yug-hair.ru/includes/zithromax-azithromycin-geschaeft-online-versand.php The already decayed Great Ziggurat of Babylon was finally destroyed by Alexander the Great in an attempt to rebuild it. He managed to move the tiles of the tower to another location, but his death stopped the reconstruction. Isaac Asimov speculated that the authors of Genesis —9 were inspired by the existence of an apparently incomplete ziggurat at Babylon, and by the phonological similarity between Babylonian Bab-ilu , meaning "gate of God", and the Hebrew word balal , meaning "mixed", "confused", or "confounded".
The Book of Jubilees contains one of the most detailed accounts found anywhere of the Tower. And they began to build, and in the fourth week they made brick with fire, and the bricks served them for stone, and the clay with which they cemented them together was asphalt which comes out of the sea, and out of the fountains of water in the land of Shinar.
And they built it: forty and three years were they building it; its breadth was bricks, and the height [of a brick] was the third of one; its height amounted to cubits and 2 palms, and [the extent of one wall was] thirteen stades [and of the other thirty stades]. Jubilees —21, Charles' translation. In Pseudo-Philo , the direction for the building is ascribed not only to Nimrod, who is made prince of the Hamites , but also to Joktan , as prince of the Semites , and to Phenech son of Dodanim , as prince of the Japhetites.
Twelve men are arrested for refusing to bring bricks, including Abraham , Lot , Nahor , and several sons of Joktan. However, Joktan finally saves the twelve from the wrath of the other two princes. He wrote that it was Nimrod who had the tower built and that Nimrod was a tyrant who tried to turn the people away from God. In this account, God confused the people rather than destroying them because annihilation with a Flood hadn't taught them to be godly. Now it was Nimrod who excited them to such an affront and contempt of God.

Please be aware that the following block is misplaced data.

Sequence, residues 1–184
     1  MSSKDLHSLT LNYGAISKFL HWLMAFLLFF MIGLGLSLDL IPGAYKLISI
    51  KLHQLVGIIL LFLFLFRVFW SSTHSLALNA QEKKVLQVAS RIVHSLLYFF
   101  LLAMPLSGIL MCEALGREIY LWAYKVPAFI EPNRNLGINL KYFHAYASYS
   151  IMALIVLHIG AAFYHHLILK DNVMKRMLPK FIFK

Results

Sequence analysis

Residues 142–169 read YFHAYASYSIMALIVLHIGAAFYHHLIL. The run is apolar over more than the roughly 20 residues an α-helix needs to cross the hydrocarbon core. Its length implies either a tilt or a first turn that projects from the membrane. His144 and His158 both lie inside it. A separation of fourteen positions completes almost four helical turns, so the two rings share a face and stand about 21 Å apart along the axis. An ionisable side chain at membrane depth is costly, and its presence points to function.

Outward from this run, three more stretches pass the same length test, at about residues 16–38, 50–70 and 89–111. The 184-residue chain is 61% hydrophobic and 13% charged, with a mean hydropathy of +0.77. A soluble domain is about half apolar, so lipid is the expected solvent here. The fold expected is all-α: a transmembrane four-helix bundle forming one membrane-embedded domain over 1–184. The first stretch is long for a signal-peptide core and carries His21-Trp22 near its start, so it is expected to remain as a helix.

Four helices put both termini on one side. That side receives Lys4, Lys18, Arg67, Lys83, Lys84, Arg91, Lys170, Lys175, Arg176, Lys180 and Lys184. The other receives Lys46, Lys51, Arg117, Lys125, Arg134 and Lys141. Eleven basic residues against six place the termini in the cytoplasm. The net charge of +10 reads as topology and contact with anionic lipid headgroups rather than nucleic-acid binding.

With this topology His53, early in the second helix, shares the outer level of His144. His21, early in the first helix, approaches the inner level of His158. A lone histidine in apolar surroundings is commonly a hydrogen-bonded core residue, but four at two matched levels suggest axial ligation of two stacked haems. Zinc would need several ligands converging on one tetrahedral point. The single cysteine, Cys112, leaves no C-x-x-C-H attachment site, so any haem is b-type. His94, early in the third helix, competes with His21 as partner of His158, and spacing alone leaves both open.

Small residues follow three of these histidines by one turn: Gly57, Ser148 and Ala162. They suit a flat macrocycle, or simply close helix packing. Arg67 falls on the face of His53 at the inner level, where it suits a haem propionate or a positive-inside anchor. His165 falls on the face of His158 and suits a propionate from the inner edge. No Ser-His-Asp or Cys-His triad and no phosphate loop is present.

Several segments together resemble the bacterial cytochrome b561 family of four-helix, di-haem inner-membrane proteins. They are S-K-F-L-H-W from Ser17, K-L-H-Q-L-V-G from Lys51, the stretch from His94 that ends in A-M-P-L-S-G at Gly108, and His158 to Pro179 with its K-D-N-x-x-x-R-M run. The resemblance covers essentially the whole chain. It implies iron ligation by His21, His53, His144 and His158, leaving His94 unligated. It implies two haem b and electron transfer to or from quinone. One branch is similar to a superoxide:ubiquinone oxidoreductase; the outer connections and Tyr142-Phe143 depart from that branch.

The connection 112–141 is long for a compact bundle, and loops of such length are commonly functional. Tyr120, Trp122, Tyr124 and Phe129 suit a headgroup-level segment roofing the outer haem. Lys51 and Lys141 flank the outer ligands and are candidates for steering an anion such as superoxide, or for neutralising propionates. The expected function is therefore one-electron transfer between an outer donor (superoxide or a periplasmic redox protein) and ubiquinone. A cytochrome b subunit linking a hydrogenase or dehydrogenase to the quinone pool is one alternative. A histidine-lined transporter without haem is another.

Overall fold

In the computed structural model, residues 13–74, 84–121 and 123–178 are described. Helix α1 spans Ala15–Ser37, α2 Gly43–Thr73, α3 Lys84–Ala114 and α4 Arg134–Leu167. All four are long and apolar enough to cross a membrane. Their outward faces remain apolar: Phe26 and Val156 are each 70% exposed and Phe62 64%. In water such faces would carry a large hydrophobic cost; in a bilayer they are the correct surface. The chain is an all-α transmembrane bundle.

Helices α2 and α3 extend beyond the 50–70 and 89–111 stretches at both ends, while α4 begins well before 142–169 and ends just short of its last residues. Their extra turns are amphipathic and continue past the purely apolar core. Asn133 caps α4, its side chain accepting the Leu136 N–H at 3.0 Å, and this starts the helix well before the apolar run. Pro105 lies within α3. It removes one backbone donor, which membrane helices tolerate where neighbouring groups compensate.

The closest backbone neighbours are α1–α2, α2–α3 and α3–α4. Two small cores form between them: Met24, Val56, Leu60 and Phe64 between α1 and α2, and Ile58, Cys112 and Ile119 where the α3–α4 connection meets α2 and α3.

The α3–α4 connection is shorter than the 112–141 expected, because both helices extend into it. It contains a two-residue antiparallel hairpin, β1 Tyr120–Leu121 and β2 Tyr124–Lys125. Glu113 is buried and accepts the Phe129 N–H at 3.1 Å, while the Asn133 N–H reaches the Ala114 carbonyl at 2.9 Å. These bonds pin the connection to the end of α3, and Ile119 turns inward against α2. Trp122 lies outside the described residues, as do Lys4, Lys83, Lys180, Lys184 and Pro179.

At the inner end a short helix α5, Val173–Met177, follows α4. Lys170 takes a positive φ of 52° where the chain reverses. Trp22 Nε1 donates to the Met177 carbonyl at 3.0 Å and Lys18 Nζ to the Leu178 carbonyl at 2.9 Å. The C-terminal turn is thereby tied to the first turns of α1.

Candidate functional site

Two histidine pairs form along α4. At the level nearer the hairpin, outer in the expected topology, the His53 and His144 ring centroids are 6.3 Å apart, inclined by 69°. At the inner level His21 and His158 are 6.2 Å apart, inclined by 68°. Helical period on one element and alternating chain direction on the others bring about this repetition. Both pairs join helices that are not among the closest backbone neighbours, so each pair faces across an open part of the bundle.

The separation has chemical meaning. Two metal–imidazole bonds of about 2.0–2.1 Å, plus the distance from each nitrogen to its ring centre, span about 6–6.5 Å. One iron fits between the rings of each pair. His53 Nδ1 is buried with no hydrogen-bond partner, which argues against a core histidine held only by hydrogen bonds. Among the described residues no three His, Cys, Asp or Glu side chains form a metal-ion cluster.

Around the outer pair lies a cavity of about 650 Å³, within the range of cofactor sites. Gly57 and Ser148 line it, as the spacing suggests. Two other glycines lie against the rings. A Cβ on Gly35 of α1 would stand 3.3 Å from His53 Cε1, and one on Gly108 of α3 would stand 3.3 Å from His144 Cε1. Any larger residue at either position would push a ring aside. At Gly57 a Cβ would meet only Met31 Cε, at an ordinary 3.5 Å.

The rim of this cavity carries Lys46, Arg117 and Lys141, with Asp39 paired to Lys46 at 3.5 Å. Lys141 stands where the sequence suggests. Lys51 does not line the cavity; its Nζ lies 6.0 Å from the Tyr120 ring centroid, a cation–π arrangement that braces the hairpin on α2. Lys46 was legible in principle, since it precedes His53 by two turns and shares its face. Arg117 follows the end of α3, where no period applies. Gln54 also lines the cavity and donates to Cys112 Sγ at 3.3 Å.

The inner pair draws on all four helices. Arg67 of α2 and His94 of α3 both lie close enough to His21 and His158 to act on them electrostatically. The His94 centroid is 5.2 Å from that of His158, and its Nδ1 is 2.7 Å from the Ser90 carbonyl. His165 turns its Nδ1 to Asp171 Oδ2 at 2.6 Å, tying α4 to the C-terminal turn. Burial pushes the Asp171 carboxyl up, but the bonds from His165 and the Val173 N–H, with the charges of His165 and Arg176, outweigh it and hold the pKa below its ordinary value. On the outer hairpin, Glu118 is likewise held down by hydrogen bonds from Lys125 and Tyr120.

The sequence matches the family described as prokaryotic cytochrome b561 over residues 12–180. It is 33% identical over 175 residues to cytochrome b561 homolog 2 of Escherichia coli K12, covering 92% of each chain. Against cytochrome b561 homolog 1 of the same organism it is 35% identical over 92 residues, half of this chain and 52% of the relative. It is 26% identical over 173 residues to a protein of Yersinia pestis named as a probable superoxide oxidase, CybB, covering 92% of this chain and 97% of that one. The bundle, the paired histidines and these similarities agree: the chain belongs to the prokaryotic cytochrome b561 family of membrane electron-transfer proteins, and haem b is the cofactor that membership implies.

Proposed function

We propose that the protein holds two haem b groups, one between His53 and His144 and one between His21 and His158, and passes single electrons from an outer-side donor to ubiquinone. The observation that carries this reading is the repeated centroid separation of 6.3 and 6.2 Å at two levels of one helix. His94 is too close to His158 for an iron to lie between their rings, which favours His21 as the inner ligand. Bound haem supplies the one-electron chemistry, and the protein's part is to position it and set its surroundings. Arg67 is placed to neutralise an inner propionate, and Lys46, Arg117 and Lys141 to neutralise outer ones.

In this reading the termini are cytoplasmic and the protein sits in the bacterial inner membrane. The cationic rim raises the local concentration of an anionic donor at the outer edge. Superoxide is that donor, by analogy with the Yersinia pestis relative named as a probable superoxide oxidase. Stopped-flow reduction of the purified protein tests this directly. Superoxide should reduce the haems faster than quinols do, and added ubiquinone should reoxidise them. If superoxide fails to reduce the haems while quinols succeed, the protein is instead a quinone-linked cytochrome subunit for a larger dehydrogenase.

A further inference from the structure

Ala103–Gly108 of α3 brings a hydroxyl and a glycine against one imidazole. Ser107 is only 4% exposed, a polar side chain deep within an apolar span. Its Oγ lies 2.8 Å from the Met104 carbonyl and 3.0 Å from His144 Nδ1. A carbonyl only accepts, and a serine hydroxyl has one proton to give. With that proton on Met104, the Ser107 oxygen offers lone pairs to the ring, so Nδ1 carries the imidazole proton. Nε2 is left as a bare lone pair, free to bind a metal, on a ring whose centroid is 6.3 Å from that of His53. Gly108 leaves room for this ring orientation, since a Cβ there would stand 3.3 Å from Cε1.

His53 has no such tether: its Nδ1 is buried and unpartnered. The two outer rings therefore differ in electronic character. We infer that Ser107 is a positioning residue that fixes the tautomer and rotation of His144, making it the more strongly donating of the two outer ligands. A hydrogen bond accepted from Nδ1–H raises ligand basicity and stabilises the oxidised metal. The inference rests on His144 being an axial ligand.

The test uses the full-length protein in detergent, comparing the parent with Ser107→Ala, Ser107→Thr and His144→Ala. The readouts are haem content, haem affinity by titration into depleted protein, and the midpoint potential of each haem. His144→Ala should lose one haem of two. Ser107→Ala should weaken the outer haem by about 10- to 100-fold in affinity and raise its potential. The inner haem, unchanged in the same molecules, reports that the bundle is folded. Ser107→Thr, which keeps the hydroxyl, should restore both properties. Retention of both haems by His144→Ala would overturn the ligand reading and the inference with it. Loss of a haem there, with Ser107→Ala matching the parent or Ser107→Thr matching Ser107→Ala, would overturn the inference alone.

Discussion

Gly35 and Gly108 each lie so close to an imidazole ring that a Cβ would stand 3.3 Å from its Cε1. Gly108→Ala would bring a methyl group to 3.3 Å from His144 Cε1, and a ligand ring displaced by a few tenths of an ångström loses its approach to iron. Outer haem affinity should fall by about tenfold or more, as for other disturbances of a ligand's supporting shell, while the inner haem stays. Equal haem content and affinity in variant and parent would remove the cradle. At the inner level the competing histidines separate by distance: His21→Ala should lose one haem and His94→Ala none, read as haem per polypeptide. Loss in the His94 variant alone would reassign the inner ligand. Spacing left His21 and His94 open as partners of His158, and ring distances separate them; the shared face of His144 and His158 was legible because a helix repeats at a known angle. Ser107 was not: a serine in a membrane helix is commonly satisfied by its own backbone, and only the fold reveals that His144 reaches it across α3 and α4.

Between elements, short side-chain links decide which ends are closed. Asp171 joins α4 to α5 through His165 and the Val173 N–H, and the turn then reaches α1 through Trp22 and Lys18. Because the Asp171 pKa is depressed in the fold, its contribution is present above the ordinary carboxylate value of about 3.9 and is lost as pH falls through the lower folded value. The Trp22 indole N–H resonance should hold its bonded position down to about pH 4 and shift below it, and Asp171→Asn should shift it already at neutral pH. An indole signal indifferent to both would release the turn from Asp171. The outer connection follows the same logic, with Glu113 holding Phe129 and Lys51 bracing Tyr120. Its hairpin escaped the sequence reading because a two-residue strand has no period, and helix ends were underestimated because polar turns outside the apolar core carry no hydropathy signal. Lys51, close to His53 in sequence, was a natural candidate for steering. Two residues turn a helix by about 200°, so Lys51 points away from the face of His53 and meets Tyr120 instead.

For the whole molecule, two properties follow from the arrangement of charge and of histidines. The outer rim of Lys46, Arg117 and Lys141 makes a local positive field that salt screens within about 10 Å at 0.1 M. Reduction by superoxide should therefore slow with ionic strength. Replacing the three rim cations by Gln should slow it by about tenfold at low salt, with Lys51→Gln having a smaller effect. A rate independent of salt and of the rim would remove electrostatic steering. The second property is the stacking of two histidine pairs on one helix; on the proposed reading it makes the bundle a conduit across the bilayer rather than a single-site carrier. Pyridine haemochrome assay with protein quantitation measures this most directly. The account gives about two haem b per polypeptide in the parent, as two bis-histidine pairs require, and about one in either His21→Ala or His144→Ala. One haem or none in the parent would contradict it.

He was the grandson of Ham, the son of Noah, a bold man, and of great strength of hand. He persuaded them not to ascribe it to God as if it were through his means they were happy, but to believe that it was their own courage which procured that happiness. He also gradually changed the government into tyranny , seeing no other way of turning men from the fear of God, but to bring them into a constant dependence on his power Now the multitude were very ready to follow the determination of Nimrod and to esteem it a piece of cowardice to submit to God; and they built a tower, neither sparing any pains, nor being in any degree negligent about the work: and, by reason of the multitude of hands employed in it, it grew very high, sooner than any one could expect; but the thickness of it was so great, and it was so strongly built, that thereby its great height seemed, upon the view, to be less than it really was.
It was built of burnt brick, cemented together with mortar, made of bitumen , that it might not be liable to admit water. When God saw that they acted so madly, he did not resolve to destroy them utterly, since they were not grown wiser by the destruction of the former sinners [in the Flood]; but he caused a tumult among them, by producing in them diverse languages, and causing that, through the multitude of those languages, they should not be able to understand one another. The place wherein they built the tower is now called Babylon , because of the confusion of that language which they readily understood before; for the Hebrews mean by the word Babel , confusion.